Dirty Laundry

Ana de Armas attends the Academy of Motion Picture Arts and Sciences 13th Governors Awards at Fairmont Century Plaza on November 19, 2022 in Los Angeles, California.

Two Ana de Armas fans are suing Universal Studios after renting a movie in which the actress was featured in the trailer. After they didn’t see de Armas in the film, they filed a lawsuit back in January for the deceptive trailer which featured the actress. Earlier this week, a federal judge ruled that movie studios can be sued under false advertising laws if their trailers are deceptive, per Variety.

U.S. District Judge Stephen Wilson issued a ruling in a case involving Yesterday, the 2019 film about a world without the Beatles. Universal sought to throw out the lawsuit, arguing that movie trailers are entitled to broad protection under the First Amendment. The studio’s lawyers argued that a trailer is an “artistic, expressive work” that tells a three-minute story conveying the theme of the movie, and should thus be considered “non-commercial” speech.

Judge Wilson rejected that argument, finding that a trailer is commercial speech and is subject to the California False Adverting Law and the state’s Unfair Competition Law. “Universal is correct that trailers involve some creativity and editorial discretion, but this creativity does not outweigh the commercial nature of a trailer,” Wilson wrote. “At its core, a trailer is an advertisement designed to sell a movie by providing consumers with a preview of the movie.”

Universal’s lawyers argued that there have been plenty of movie trailers that feature clips not shown in the final film. They cited Jurassic Park (a Universal film), which had a trailer comprised entirely of footage that isn’t in the movie. Universal also argued that classifying trailers as “commercial speech” could open the door to endless lawsuits from dissatisfied movie watchers, who could make a subjective claim that a film did not live up to the expectations created by the trailer.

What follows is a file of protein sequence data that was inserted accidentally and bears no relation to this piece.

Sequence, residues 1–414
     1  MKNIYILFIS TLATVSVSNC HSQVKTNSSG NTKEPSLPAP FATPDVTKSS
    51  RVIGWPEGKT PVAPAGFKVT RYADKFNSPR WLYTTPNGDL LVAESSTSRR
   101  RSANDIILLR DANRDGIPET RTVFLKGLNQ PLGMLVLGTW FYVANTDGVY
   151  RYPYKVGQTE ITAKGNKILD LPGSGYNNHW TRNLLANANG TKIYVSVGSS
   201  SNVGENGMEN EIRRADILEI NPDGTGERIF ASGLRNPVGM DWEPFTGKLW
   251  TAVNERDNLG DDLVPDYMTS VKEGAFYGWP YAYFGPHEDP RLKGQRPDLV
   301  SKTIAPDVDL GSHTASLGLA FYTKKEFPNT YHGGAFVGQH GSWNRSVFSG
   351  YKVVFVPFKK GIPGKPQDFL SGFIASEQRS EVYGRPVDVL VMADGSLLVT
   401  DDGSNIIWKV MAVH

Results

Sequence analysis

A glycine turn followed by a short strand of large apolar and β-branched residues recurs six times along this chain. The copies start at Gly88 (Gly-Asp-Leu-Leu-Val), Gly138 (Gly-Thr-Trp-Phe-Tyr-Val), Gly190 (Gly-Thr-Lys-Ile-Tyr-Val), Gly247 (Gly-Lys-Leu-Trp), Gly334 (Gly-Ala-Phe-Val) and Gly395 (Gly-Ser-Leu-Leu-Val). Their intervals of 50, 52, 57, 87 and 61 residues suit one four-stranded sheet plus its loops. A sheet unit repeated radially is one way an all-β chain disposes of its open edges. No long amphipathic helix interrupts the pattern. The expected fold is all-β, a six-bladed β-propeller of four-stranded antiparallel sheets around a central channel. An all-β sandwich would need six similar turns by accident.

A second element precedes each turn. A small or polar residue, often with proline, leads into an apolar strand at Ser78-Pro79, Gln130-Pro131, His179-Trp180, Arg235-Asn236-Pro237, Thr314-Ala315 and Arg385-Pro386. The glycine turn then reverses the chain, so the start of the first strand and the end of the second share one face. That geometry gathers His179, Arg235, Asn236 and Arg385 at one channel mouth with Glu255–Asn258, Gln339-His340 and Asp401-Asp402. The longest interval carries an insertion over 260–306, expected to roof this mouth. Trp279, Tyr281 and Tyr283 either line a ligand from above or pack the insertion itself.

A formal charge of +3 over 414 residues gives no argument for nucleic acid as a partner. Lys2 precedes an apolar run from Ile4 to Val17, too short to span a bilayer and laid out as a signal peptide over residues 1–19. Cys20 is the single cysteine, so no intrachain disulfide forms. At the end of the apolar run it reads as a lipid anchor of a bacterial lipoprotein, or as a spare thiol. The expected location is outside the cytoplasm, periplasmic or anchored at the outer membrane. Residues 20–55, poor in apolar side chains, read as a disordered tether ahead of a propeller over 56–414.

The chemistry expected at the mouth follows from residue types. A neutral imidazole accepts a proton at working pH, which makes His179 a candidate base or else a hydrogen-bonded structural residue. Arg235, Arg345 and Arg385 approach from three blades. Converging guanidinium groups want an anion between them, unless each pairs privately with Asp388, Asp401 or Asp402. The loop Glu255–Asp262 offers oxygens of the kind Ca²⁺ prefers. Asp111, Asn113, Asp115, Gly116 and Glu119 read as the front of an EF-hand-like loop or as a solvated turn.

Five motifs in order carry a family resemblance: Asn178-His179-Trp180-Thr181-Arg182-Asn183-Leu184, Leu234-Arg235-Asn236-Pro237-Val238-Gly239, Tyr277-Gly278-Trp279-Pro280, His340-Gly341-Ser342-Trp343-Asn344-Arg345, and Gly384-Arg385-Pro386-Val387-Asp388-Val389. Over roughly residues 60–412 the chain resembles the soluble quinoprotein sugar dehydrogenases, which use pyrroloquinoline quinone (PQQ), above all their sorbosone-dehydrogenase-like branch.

In response, the judge said that the false advertising law applies only when a “significant portion” of “reasonable consumers” could be misled. “The Court’s holding is limited to representations as to whether an actress or scene is in the movie, and nothing else,” the judge wrote, holding that based on the Yesterday trailer. The Knives Out actress was originally intended to appear as a love interest for Himesh Patel’s Jack Malik, but was cut because audiences didn’t like the idea of the character straying from his primary love interest Ellie Appleton (played by Lily James).

The fans, Conor Woulfe of Maryland and Peter Michael Rosza of San Diego County, California, each paid $3.99 to rent Yesterday on Amazon Prime. They are seeking at least $5 million as representatives of a class of movie customers. The case will now proceed to discovery and a motion for class certification.

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